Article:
I think that we both agree that you can not just lump Chinese into a single
locale. Would you agree that it is also a multi-dimensional problem because
you have dialect differences and script differences both are factors affect
the code points used had the processing of the text not just the fonts.
The IME is a good example. Some IME use radicals but others use phonetic
systems. If I use an IME that is using a phonetic system such as Pinyin
then I am tied to a dialect to match sounds to the proper characters. I am
also tied to script because the different scripts have different characters
and code points. Therefore without this information I can not select an IME
with the proper dictionary or code point conversion. Besides pronunciation
the dictionaries also carry local phraseology and cultural differences.
From: Thomas Chan [mailto:email@example.com]
Sent: Thursday, October 05, 2000 2:04 PM
To: Unicode List
Subject: RE: Locale ID's again: simplified vs. traditional
On Thu, 5 Oct 2000, Carl W. Brown wrote:
> The is not true of traditional and simplified Chinese because of the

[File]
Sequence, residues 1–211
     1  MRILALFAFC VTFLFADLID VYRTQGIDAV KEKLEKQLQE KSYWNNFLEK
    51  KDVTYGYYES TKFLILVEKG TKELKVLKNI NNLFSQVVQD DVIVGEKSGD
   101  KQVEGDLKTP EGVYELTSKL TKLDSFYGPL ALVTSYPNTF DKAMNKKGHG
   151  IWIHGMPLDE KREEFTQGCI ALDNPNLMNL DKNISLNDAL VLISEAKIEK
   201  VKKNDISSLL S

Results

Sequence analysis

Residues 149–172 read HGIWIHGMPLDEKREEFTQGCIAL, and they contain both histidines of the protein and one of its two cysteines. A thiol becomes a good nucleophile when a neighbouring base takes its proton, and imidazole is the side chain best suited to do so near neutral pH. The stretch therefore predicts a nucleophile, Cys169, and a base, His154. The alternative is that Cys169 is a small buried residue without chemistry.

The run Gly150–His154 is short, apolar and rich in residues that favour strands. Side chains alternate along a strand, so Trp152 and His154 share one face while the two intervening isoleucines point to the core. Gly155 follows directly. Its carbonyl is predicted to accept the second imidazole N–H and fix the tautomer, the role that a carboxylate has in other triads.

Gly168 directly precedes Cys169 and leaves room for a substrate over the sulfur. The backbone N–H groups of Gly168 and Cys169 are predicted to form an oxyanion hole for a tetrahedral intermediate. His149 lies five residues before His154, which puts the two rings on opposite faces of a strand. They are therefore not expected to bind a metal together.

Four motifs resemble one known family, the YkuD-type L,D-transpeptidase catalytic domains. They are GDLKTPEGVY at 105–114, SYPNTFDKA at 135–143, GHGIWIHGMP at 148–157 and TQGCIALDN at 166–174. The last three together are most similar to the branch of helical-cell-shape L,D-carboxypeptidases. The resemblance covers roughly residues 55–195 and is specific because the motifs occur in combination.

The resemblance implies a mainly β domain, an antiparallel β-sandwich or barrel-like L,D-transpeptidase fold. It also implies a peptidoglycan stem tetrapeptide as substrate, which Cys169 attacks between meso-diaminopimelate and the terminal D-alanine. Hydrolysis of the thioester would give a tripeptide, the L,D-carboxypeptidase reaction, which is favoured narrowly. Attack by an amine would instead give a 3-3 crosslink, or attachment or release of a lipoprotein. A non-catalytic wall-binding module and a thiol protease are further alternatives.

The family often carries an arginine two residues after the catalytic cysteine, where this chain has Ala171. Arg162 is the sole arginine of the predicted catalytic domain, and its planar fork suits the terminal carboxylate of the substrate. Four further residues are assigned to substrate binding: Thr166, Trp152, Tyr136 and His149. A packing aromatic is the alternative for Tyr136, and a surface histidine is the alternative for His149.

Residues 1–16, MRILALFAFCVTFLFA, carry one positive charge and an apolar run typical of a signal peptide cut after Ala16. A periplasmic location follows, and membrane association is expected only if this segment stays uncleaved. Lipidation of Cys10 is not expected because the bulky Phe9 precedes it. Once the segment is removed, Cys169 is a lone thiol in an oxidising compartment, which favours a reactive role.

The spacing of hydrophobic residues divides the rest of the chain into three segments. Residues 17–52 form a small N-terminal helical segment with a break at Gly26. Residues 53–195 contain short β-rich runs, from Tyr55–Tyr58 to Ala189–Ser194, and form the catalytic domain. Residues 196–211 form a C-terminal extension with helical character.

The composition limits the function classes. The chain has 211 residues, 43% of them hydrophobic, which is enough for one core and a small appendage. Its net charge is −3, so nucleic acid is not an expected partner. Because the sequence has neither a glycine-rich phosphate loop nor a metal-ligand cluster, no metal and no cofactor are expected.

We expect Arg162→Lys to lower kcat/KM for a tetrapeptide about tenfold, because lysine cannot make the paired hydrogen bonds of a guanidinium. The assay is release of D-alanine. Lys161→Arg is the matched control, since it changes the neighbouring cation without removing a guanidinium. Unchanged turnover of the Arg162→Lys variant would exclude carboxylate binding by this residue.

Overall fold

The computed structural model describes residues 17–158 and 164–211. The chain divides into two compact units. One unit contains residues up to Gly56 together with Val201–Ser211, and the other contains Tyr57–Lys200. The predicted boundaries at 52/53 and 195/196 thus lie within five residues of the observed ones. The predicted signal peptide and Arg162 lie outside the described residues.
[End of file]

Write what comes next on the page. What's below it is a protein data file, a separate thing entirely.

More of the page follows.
> codepoint overlap even though one might be readable by the other. If for
> example, I have a traditional locale I will have han that do not exist in
> the simplified locale. Big-5 to Unicode maps to a different set of
> characters than GB. I am not sure that the Unicode simplified fonts will
> have not only the GB but also the Big5 characters that have been
> consolidated. Even so I can not imagine that the collation sequences
> be the same.
Please don't say things like "Unicode simplified fonts" if you really mean
fonts designed for CN. It's clear you understand that the
traditional/simplified distinction is represented by different codepoints
in Unicode (when they are not identical), but "Unicode simplified fonts"
implies there might be "Unicode traditional fonts", and that makes some
people think that traditional<->simplified Chinese conversion may be done
in Unicode just by "changing the font" like some cheap legacy hack (which
doesn't work, as the mapping is many-to-one and contextual).
CN fonts vary depending on what subset of Unicode they are aiming at; up
to a certain point in time they carried only enough for GB2312 needs--thus
simplified one; now some carry all [characters] that were in Unicode 2.0,
to satisfy GBK needs--thus both simplified and traditional (plus some
Japanese and Korean ones, too, but I don't know who'd use them...).
There are multiple ways to collate, from taking the Mandarin reading and
romanizing it in Pinyin, and then sorting; taking the Mandarin reading and
expressing it in bopomofo, and then sorting; counting the total strokes
and sorting, and then sorting on a secondary key, usually the radical;
sorting by radical, and then sorting by residual strokes; et al. Some are
not appropriate or desired for certain locales.
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